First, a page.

Putting children first

Did you marry only for love or to build a family with the person you love?

By
November 26, 2014 16:35
Women light candles for Shabbat

Women light candles for Shabbat. (photo credit: REUTERS)

 
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Do you put your children first? Are they an integral part of your life or do they intrude on your freedom? Did you marry only for love or to build a family with the person you love? When you come home, do you have eyes only for your spouse or are your children part of your picture?


Having children is not the only reason to get married, but it is the other side of the marriage coin. We don’t get married only because we love our spouse. We get married because we want to build a family with our spouse. This mindset spells a huge difference down the line. When you enter marriage to build a family, you view the entire family, children and parents, as a single unit. When you get married for selfish reasons, the children become intruders on your time alone with your spouse.


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There is no question that parents must reserve ‘special alone time’ to nurture their relationship. Children should know that this ‘alone time’ is special to Mommy and Daddy. It’s not a break from the children. It builds a foundation for the children. Parenting is time and labor intensive, without a proactive effort to find ‘alone time’, the family’s bedrock can deteriorate.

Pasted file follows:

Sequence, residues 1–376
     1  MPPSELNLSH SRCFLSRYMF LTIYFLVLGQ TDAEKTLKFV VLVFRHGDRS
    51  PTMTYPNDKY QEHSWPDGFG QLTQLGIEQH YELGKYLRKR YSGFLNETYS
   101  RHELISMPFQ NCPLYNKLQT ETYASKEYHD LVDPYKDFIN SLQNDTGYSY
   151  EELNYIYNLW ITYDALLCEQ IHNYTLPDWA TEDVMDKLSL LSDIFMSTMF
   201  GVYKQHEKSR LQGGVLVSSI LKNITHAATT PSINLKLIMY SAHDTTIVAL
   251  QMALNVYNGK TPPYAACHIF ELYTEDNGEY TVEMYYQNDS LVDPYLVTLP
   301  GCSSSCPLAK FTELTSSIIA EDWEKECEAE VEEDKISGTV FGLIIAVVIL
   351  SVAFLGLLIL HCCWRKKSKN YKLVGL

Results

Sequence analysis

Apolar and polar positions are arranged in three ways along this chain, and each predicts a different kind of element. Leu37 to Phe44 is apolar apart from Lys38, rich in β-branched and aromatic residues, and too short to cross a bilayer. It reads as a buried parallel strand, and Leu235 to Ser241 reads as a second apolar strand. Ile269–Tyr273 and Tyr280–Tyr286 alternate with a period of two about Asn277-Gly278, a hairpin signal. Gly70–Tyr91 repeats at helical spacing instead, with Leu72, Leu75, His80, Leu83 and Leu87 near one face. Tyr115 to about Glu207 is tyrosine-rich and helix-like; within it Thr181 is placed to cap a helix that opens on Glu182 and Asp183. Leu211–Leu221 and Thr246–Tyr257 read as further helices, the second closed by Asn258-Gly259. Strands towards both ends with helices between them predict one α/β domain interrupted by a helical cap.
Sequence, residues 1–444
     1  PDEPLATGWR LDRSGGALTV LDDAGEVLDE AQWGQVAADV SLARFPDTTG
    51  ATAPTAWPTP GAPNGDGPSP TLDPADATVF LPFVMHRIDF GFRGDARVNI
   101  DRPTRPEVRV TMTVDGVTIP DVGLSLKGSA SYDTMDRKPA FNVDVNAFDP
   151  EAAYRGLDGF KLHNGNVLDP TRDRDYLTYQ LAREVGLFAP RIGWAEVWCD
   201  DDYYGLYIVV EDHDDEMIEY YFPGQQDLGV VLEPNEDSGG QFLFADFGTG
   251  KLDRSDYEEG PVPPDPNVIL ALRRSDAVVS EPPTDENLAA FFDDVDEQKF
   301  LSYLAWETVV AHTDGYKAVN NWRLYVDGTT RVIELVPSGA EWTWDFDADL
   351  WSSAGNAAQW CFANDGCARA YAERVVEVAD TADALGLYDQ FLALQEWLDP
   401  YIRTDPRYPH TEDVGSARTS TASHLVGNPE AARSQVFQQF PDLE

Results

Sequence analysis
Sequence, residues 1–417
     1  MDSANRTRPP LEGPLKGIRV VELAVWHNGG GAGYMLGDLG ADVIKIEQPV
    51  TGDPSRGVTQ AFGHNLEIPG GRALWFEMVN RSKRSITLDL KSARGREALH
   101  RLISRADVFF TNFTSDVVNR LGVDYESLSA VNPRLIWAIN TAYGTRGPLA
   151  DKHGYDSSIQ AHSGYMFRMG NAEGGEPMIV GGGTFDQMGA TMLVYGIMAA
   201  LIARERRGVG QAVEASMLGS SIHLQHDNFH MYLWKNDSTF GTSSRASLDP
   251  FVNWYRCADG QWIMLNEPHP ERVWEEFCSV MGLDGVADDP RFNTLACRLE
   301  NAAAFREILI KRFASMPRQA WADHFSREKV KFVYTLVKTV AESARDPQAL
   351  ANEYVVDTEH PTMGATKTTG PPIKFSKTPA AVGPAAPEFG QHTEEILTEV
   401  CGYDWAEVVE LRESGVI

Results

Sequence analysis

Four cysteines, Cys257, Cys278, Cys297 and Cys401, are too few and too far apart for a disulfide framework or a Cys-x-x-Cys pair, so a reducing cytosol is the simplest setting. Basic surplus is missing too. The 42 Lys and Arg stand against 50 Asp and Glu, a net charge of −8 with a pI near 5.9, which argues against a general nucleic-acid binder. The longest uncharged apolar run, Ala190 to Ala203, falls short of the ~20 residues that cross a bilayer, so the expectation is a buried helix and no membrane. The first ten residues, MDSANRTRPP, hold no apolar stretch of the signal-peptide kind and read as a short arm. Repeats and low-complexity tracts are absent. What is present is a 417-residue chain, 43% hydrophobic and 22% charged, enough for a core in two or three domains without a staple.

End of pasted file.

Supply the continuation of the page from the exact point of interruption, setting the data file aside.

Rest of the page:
We make time for each other, but we don’t make time for our children. Every available family moment, except for the specific hours sectioned off for parents to be alone, belongs to the family - parents and children together. There are parents that view their children as a burden. They really want time with each other and the children intrude on that. These parents got married prematurely. They should have waited till they were ready and understood the meaning of family.


When Jacob traveled, he would place his children in the saddle after his wives were already saddled. Yet, when he departed Haran to return to Israel, he secured his children in the saddle first. Why did he put his children first in this instance and why did his children come second in every other instance?


Let me ask you a question. When your family travels, do you open the car door for your wife? If you do, do you make sure your children notice? Let me ask you another question, when you all enter the car, do you instruct your children to wait for their mother to enter first? When you sit down to dinner, are your children instructed to wait for their parents to initiate the meal?


If the answer to the above is yes, does it mean that your children don’t come first?


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No. Your children are your priority and part of that priority is to show them how highly mom and dad regard each other. If we want our children to respect us, we must respect each other in front of them. When children see dad open the car door for mom and fetch the groceries from her arms, they learn to respect their parents. Teaching them to respect their parents is part of putting children first.